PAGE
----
Part 3 of 4: Mimblewimble/MWC - Fungibility

Chris Dev

May 3, 2021

This is part 3 of the 4 part series "Mimblewimble/MWC" about fungibility.

In part 1, we covered scalability. In part 2, we covered privacy. In part 3, we covered fungibility. In part 4, we tie them all together.

Today's topic is fungibility. Fungibility really builds off of our last article on privacy. So, what is fungibility? In economics, fungibility is the property of a good or a commodity whose individual units are essentially interchangeable, and each of its parts is indistinguishable from another part.

As mentioned in past articles, Bitcoin's biggest weakness, with respect to being a good form of money, is fungibility. The problem is that all Bitcoins can be traced to their initial transaction, when they were mined. This leads to things like "dirty" Bitcoins or Bitcoins that have been sent to darknet markets in the past. I have heard of cases of "dirty" Bitcoins being sold for a 15% discount and I have heard of freshly mined Bitcoins being sold for a premium of up to 15%. That doesn't make for a very good money. Good money would be interchangeable and no one would care whether it's "freshly mined" or "dirty". It's just money. To a large extent, I question how much Bitcoin can grow until this issue is resolved. Luckily, there is a solution. All Mimblewimble transactions are indistinguishable from one another. The public blockchain has no amounts and no addresses. So much so that the blockchain data pretty much looks like a bunch of gibberish. There's just no data about which addresses are sending amounts to which other addresses. While, some methods of tracing may exist, they definitely require much more sophistication than is the case with Bitcoin and there are workarounds that can be implemented to combat those cases as well. The reason Mimblwimble blockchains are hard to trace and are thus more fungible is because there's no addresses and amounts are encrypted. To the casual observer it just looks like a bunch of random data. Only the individual parties know the amounts of the transactions. This leads to an objectively better money.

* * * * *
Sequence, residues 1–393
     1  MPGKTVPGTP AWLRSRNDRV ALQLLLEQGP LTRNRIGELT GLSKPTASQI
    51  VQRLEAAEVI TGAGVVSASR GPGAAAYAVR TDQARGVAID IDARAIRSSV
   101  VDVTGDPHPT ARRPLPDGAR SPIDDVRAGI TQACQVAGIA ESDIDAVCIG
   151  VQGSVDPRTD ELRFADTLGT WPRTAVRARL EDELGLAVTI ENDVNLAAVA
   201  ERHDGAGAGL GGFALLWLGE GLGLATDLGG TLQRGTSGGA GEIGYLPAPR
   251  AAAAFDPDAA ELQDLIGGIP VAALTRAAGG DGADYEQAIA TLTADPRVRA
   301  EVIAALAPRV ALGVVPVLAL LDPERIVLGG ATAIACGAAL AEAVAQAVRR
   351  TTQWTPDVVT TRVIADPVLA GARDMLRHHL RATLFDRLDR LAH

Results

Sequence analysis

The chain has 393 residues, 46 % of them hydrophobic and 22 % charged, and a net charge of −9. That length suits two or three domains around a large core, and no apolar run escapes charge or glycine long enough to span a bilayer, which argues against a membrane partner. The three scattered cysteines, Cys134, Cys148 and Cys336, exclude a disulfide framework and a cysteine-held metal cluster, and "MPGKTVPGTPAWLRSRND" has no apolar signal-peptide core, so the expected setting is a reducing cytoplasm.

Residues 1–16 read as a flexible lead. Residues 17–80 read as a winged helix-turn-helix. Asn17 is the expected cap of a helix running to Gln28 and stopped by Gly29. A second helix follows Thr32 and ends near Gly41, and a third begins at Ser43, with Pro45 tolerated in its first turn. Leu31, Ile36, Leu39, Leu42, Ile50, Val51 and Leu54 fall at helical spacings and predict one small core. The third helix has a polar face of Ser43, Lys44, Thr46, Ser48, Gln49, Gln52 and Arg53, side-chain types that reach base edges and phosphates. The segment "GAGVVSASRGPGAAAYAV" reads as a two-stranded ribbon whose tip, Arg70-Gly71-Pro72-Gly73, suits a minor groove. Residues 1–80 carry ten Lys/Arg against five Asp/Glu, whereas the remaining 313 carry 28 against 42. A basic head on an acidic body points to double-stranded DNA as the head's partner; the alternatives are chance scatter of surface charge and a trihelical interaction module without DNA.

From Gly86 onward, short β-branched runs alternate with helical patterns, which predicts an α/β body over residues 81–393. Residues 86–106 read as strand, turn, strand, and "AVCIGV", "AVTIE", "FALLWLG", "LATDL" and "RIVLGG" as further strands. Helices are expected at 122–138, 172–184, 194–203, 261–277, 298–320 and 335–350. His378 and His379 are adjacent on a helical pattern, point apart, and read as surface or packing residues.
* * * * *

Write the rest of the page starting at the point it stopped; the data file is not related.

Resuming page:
Given this information, it's really amazing to me that more Bitcoin holders are not talking about this. Until Mimblewimble chains became a reality, the only option was to use Zcash or Monero. We've discussed extensively how Zcash's opt-in privacy doesn't improve fungibility at all because very few transactions actually use the privacy capabilities available and while Monero is fungible, the size of the transactions is so enormous that it's hard to imagine it working at scale. Unlike the two previously existing options, Mimblewimble scales (actually better than Bitcoin even). Objectively speaking Mimblewimble based blockchains may end up being the best money ever created due to this near perfect fungibility at scale.

There's this misnomer that "privacy coins" are all about buying drugs online and other illicit activity but really the bigger issue is fungibility. A money really can't be a good money without being fungible. We'll leave this as a short article since it's really all just very obvious that a blockchain with all amounts encrypted and no addresses is clearly going to be much more fungible than a legacy blockchain. The next and final article in the series will tie all of this together and make the case for Mimblewimble and MWC.